Peter flushed hot. Suddenly wished he could hide—something his six-foot-three-inch frame never let him do, no matter how much he tried. All those eyes on him, they made him feel as if he wasn’t wearing a stitch and looked like a plague victim besides.
Two deep breaths. A couple nervous gulps. Peter stretched out his spindly brown hand and took the deck.
“Fantastic,” said the magician.
“So what do I do?’
“Whatever you want.”
“Um..that’s not very helpful.”
“This woman here has chosen a card. Make sure I can’t find it.”
“But I don’t know which card it is and…oh.” Peter flushed again, felt like an idiot. But he did know how to shuffle. He’d been into card magic for years. And since last summer he’d been practicing every day. He needed a deft hand at a shuffle for the day when he was old enough to get a job as a dealer at the casinos. Best paying work in town—with all the tips, if he was popular, he could do well enough to pay for a car, and then for college, with just a couple years work. If he was careful and didn’t blow it all on the tables himself (an occupational hazard his cousin Wendell had learned about the hard way and never stopped warning him off about).
Peter held the cards in his right, threw little piles of them into his left. Then, with a feel for them, he risked a tent-shuffle, then a one-handed cut, then another tent-shuffle, then another toss-shuffle, then a final tent-shuffle.
“All right, all right,” the magician said with a laugh, “enough showing off. Hand them here.”
The magician pushed both his sleeves up, showing bare arms below the elbows, then flashed both sides of his splayed hands to the audience, before gingerly accepting the deck from Peter, touching it with his fingertips only.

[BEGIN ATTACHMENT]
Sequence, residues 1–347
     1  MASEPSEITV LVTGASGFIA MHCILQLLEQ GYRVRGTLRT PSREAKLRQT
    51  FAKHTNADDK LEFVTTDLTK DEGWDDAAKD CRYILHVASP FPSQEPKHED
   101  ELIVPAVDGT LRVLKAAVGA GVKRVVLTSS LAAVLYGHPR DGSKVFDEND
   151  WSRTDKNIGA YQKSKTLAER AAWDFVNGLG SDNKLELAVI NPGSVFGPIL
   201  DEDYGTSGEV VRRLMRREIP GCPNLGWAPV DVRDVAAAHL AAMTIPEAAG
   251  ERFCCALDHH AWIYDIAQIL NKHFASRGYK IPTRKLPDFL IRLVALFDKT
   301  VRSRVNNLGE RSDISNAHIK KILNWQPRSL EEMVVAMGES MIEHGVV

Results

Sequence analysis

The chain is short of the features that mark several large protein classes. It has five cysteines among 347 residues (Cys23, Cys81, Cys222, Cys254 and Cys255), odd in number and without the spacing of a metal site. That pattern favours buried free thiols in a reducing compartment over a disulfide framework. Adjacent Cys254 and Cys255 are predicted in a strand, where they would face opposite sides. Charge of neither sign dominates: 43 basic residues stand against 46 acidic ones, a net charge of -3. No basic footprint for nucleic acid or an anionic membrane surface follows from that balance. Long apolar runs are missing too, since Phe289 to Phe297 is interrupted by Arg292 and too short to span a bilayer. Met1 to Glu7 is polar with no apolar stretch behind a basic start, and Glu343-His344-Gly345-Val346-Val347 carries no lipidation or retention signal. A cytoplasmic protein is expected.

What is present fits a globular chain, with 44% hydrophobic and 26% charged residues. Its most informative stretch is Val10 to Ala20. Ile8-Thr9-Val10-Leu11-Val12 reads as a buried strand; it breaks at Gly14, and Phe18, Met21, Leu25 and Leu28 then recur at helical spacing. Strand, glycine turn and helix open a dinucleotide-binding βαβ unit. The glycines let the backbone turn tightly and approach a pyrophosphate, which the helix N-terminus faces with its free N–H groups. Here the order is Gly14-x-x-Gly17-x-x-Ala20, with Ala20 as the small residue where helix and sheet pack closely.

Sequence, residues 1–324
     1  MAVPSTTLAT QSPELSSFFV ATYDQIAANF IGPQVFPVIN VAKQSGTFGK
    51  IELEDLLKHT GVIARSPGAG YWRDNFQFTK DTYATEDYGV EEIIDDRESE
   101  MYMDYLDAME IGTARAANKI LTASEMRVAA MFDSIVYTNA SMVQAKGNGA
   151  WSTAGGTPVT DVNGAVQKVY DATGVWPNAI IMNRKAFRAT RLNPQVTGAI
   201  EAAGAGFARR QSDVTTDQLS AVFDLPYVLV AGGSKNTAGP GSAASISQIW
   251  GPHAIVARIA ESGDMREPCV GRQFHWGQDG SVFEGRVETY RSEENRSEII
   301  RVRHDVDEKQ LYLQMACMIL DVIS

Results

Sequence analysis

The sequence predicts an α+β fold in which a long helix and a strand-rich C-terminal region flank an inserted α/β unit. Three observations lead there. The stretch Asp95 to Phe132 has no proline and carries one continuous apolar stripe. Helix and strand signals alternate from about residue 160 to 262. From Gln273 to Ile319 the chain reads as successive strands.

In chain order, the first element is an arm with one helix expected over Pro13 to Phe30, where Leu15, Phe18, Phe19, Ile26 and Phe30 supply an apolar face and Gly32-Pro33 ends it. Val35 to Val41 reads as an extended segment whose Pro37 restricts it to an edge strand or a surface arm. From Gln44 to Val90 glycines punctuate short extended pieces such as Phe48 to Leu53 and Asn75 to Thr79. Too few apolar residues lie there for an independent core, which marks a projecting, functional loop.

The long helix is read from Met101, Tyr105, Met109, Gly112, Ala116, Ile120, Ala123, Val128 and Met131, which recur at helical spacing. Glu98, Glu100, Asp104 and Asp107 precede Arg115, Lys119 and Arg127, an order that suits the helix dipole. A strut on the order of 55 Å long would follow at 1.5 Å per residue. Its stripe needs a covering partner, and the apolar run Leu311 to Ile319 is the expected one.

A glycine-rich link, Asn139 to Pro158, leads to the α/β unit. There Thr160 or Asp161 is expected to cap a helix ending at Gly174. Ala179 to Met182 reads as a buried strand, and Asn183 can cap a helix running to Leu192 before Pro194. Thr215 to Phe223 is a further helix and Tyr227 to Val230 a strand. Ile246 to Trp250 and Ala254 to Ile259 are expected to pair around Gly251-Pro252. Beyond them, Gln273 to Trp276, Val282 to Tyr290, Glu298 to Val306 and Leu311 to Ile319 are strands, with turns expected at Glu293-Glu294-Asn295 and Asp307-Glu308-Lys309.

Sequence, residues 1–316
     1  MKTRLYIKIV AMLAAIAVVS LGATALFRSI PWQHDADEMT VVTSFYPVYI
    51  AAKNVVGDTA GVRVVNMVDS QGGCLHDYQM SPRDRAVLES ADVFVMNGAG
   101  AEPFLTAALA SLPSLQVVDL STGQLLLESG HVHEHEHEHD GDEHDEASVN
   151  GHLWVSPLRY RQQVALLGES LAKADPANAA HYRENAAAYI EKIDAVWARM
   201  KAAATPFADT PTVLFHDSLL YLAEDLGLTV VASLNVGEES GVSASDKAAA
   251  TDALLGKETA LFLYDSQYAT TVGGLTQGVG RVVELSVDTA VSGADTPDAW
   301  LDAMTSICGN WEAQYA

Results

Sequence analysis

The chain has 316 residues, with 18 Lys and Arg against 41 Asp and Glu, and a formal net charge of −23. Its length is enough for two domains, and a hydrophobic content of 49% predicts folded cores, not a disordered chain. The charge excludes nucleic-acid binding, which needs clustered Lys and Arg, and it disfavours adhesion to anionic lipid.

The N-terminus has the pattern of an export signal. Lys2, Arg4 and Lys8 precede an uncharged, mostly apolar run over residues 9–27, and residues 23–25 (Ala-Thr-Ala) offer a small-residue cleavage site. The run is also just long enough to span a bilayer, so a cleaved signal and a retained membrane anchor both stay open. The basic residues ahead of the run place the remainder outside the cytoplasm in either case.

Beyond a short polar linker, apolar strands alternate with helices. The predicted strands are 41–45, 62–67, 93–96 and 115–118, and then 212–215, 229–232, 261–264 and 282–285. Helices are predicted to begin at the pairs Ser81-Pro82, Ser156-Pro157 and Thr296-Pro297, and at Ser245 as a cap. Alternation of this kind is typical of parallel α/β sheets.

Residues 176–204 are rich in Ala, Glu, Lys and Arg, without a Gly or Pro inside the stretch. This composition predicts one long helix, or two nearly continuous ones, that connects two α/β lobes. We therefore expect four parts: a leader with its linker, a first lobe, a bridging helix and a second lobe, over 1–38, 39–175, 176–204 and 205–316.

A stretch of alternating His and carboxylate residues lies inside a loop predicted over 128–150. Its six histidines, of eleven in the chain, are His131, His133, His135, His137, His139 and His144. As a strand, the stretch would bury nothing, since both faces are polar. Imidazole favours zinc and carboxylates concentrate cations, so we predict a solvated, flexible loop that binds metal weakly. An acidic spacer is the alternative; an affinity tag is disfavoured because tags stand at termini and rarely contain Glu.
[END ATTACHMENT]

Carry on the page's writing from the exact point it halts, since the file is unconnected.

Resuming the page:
“Now, ma’am, do you remember what your card was?”
A woman standing in front of Peter, and slightly to his left, whose face he couldn’t see, spoke up:
“Yes, I do.”
The magician squared the deck off and set it in his open, left palm, all cards face down. He swept his hand under the noses of all those in the front row, so they could get a good look at them. They had taupe backs, weathered-looking, like parchment, with a dove perched on an olive branch.
As he did this, the magician dropped his right arm down to his side.
“Now, loud enough for everyone to hear, can you tell me the name of your card, please?”
“The two of diamonds.”
“The two of diamonds you say?”
“Okay, I don’t know if this is going to work, but…” The magician’s right hand leapt up from his side. Faster than Peter could track, it clapped hard into the left hand, and the two of them pushed forward, as if to scatter confetti into the crowd.
Confetti did, in fact, scatter into the crowd.
Along with a full-sized, properly grown dove, which unfurled its wings and flapped at the crowd, hovering more or less in place, revealing one red diamond on the underside of each wing’s pinfeathers.
“Is that your card?”
The woman squealed with delight. The crowd cheered. Peter found himself clapping—he hadn’t expected a street performer to be that good, especially this close up.
“Thank you, thank you. And if you liked that, please buy one of these lovely decks of cards. Perfect for all occasions. All vintage. We just got a big load of them and there just isn’t any room back in the warehouse…”
Peter looked at his watch. He really did have to get going. He was supposed to hang with Gramp this afternoon, like he did every afternoon.
But every day it was getting harder to make himself go.
And besides, Gramp couldn’t tell time anyway. Not with the way his eyes were. He’d have to ask somebody. He wouldn’t notice if Peter was five extra minutes late. Or ten.